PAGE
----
Obese patients have significantly increased operating times when undergoing lobectomy for primary lung cancer, show US study results.
Every 10-unit increase in body mass index (BMI) is associated with a significant 7.2-minute increase in mean total operating room (OR) time, which could represent a major source of high healthcare costs associated with obesity in the USA, say the researchers.
The finding "must be considered on both a hospital and a national policy level," write Eric Grogan (Vanderbilt University, Nashville, Tennessee) and colleagues in the Annals of Thoracic Surgery.
The study cohort included 19,337 individuals treated with lobectomy between 2006 and 2010, whose data is stored in the Society of Thoracic Surgeons General Thoracic Surgery database.
Patients had a mean BMI of 27.3 kg/m2, where a BMI of 30.0 kg/m2 indicated obesity, and the majority of the cohort (68.4%) had a BMI under this level.
The mean total OR time was 240 minutes, and the mean length of stay in hospital was 6.9 days. A total of 1.8% of all patients died within 30 days of their surgery.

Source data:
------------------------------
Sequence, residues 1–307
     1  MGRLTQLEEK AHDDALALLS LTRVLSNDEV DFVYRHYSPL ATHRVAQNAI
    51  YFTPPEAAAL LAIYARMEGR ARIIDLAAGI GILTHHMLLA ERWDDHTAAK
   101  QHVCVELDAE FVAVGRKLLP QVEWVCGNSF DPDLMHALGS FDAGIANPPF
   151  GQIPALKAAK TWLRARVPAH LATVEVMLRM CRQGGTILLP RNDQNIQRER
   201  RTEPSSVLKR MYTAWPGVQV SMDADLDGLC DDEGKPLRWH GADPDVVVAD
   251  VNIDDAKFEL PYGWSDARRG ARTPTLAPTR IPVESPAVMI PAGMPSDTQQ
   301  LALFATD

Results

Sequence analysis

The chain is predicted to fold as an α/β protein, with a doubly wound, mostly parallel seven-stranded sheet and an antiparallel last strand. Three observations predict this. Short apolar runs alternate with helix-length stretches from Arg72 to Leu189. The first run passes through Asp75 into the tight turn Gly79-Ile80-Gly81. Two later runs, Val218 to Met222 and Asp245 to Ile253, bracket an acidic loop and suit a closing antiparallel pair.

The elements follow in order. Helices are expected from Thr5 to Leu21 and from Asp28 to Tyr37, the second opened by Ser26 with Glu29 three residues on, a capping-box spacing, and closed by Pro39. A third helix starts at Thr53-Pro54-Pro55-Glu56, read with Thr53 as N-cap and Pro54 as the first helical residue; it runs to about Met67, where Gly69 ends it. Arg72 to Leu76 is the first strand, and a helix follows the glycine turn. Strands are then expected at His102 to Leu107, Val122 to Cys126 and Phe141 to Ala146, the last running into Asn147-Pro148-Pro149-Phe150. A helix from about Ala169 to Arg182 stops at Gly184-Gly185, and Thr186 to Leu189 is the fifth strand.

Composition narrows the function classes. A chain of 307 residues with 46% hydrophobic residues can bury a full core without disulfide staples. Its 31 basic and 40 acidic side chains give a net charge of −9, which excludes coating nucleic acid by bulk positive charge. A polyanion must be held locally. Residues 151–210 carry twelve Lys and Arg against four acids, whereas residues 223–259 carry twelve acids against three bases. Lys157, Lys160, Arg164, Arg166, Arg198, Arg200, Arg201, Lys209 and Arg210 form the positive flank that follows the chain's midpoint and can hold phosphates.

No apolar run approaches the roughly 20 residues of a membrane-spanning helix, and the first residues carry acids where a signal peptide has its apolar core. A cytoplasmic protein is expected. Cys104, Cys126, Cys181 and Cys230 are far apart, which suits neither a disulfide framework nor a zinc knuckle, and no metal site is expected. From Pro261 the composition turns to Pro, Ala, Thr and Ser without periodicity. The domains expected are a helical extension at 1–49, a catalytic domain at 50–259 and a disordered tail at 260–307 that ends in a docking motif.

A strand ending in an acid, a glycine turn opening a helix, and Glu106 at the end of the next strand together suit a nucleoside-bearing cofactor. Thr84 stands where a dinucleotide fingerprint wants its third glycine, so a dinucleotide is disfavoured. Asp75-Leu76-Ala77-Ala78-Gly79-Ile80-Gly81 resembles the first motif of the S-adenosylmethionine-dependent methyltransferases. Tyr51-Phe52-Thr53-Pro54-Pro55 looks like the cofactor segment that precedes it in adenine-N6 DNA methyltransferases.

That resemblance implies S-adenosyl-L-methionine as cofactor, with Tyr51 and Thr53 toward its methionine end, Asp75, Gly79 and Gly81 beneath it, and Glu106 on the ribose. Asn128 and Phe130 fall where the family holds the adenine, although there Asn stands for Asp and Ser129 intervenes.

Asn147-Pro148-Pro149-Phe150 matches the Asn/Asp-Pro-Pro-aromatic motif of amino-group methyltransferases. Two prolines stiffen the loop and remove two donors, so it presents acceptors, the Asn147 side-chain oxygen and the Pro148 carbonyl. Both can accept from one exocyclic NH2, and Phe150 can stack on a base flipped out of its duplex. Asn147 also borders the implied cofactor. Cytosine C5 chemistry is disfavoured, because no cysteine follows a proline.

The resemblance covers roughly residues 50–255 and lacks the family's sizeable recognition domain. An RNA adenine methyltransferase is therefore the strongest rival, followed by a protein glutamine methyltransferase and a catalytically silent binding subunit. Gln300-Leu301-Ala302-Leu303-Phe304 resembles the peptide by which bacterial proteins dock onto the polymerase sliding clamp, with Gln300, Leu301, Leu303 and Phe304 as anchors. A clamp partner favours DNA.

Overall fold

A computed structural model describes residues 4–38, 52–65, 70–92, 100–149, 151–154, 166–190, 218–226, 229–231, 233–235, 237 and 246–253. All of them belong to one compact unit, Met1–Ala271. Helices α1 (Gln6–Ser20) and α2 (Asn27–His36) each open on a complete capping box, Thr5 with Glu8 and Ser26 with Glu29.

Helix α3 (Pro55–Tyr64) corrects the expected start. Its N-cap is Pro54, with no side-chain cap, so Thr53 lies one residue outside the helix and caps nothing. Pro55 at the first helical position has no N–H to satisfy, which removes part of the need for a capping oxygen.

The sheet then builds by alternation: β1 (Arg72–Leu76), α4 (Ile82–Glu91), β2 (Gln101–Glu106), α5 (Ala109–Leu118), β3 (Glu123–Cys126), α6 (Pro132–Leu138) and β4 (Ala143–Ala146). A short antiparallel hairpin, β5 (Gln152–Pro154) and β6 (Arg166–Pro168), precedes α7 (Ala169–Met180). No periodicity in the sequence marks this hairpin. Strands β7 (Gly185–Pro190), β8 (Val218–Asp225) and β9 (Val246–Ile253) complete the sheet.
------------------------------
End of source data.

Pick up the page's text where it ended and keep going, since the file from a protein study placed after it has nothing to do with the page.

OR times rose incrementally with increasing BMI above the obesity threshold, report the researchers, such that a lobectomy in a patient with a BMI of 45 kg/m2 took approximately 15 minutes longer than one in a patient with a BMI of 25 kg/m2 .
In addition, black race, male gender, and preoperative chest radiation therapy were also significantly associated with longer OR time, increasing the procedure length by a respective 7.2, 19.2, and 16.8 minutes.
The reasons for these associations are unclear, write the authors, but imply "that there are other factors associated with race and sex that still need to be elucidated."
Grogan and co-workers found no significant association between obesity and 30-day mortality, contrary to previous research.
"If the prevalence of obesity continues to rise, a greater number of patients undergoing lobotomies for lung cancer will likely be obese," they conclude.
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